Haunted by the ghost of Maria

Tosca | Covent Garden, London
Click to follow
The Independent Culture

The Act Two frock - red velvet with gold braid - still carries with it the spirit of Maria Callas for whom the production was created 36 years ago. Franco Zeffirelli's name has long since vanished from the production credits, but the still-handsome sets are a living legacy from his heyday.

The Act Two frock - red velvet with gold braid - still carries with it the spirit of Maria Callas for whom the production was created 36 years ago. Franco Zeffirelli's name has long since vanished from the production credits, but the still-handsome sets are a living legacy from his heyday.

Even more astonishingly, almost every last production detail remains in place, passed down unchanged from generation to generation, performer to performer. We've seen the world of opera transformed in the most radical period of reassessment in its history - but this Tosca goes on forever. I guess if it ain't bust...

They watched it on the big screen in the piazza on Tuesday night (my, how Callas would have risen to that). Catherine Malfitano wore the red frock, and actually filled it pretty well. The voice is no longer in peak condition, but she has spirit and will and temperament and, yes, artistry in spades - she knows how to spin and support a phrase like "how well you know the art of loving" so as to leave you in no doubt that she does, too. A pity that the difficult descent from the climactic phrase of "Vissi d'arte" defeated her (she is not the first and won't be the last), but at least she attempted the diminuendo. Safety was not an option.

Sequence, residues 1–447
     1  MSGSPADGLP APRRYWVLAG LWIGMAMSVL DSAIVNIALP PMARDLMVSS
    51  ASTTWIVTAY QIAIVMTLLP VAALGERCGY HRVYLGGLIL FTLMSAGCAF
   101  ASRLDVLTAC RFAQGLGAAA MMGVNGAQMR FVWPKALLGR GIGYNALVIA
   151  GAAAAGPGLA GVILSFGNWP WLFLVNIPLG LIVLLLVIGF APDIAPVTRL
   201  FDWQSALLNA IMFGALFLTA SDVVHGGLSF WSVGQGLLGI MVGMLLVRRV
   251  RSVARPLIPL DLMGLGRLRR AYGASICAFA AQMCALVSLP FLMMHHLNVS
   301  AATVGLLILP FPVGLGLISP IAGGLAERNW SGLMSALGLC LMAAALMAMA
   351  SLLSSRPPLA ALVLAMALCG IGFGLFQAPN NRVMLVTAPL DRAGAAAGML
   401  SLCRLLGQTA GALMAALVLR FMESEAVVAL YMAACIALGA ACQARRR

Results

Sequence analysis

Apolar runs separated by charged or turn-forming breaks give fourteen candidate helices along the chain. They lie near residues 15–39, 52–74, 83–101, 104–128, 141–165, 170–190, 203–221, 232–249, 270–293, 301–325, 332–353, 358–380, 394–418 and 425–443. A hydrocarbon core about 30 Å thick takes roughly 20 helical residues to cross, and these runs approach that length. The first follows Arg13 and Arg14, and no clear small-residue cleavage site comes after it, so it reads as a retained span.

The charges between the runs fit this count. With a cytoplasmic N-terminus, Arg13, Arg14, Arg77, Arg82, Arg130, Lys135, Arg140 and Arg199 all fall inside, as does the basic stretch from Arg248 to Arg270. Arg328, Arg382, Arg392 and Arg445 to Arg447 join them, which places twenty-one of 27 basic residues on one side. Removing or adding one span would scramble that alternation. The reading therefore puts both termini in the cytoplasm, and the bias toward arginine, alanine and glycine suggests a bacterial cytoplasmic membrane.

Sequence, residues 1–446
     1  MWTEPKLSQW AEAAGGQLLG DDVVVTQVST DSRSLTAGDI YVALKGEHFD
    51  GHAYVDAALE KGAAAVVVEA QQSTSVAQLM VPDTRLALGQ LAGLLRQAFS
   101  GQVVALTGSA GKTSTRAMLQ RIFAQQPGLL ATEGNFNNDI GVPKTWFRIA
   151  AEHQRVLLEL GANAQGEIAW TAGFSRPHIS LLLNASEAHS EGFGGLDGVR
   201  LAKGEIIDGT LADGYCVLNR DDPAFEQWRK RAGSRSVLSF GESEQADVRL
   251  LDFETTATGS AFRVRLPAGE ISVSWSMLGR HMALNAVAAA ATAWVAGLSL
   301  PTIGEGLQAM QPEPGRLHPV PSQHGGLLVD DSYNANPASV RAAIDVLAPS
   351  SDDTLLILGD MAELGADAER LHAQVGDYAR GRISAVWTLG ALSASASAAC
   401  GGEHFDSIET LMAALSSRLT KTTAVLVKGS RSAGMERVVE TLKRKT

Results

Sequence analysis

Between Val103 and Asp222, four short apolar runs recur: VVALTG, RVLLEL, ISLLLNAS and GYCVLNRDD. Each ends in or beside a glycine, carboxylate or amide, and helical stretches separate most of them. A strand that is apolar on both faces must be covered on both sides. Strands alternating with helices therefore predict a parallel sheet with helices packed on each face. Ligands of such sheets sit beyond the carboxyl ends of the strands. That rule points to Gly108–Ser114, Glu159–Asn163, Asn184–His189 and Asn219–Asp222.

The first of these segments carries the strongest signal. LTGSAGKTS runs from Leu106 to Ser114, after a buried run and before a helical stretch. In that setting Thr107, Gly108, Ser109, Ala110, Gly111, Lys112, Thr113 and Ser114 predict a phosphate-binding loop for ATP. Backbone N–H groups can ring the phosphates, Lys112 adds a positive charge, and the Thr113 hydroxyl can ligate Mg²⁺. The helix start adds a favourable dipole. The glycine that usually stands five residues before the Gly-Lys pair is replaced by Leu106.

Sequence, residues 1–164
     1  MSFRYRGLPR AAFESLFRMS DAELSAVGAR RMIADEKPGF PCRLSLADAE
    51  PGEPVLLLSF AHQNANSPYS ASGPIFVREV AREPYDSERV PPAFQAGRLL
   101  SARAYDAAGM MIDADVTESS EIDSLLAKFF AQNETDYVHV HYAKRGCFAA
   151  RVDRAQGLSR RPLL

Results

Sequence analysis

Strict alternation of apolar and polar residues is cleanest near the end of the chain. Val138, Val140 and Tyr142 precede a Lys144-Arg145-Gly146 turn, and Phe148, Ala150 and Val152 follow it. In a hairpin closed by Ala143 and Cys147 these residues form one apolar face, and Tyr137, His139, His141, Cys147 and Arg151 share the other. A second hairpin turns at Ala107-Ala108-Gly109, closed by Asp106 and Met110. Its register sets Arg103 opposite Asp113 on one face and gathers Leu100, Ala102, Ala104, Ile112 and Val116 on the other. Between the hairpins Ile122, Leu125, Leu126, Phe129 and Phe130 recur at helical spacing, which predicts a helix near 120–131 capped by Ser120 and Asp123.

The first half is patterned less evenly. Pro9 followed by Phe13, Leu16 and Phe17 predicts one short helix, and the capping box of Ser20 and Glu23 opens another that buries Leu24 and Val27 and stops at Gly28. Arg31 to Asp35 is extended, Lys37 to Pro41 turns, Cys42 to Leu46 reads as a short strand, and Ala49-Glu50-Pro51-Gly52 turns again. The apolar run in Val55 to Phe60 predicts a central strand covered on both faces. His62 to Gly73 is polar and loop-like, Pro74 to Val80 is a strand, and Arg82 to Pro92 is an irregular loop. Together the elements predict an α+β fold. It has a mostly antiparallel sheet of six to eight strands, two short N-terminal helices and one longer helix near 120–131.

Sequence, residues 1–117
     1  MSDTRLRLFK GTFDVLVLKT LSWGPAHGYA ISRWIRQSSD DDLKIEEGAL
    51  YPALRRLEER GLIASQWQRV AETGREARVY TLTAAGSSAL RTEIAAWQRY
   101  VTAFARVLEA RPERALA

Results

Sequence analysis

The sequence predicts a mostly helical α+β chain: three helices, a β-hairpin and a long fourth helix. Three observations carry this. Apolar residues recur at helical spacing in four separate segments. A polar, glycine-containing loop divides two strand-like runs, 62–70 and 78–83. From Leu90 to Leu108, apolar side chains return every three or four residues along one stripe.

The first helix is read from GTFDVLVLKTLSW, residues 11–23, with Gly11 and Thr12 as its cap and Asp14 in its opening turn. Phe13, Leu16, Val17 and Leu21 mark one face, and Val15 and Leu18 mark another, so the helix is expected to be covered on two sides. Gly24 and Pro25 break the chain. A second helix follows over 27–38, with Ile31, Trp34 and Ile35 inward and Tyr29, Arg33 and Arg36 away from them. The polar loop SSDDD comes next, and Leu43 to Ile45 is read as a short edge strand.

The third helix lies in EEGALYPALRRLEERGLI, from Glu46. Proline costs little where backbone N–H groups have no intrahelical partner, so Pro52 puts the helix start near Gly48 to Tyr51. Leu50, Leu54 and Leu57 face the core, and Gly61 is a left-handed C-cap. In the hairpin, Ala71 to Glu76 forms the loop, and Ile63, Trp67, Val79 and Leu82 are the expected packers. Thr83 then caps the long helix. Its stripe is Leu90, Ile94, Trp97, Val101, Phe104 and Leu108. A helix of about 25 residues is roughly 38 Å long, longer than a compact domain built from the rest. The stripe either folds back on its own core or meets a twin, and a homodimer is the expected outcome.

Anthony Michaels-Moore was the suave, silver-tongued Scarpia, the more repellent for being sung, really sung. A gracious legato is worth a thousand sneers. Scarpia doesn't play to the gallery. That's for Tosca. Or in this case, Cavaradossi.

Robert Alagna looks and sounds terrific on stage. He has at last, praise be, abandoned his stubborn refusal to yield to the enticements of the line and is now singing with generous and warmly applied portamento. But in evoking, stylistically speaking, the distant past, the golden age of singing, you might say, he would seem also to be adopting - and here's the rub - some of those less desirable tenorial tendencies. No one begrudges a Cavaradossi a little affectionate or showy tenuto here and there, but when it turns into a case of "anything you can hold, I can hold longer", when the music goes out the window and - as was the case in his second act cries of "Vittoria!" - the sole objective (successfully accomplished) is vulgarly to elicit applause, then the past is best forgotten.

His final act aria "E lucevan le stelle" was ruined by such cheap posturing at the pay-off. Alagna is too talented to be so unmusical.

It was clear that the conductor, Carlo Rizzi, had his work cut out accommodating his star's indulgences. As ever, Rizzi's work was marked by a natural pliability and great rhythmic life. But opera is still the singers' playground - especially with the spirit of Callas watching over it.

Further performances on 15, 19, 21 & 26 Sept (020-7304 4000)

Comments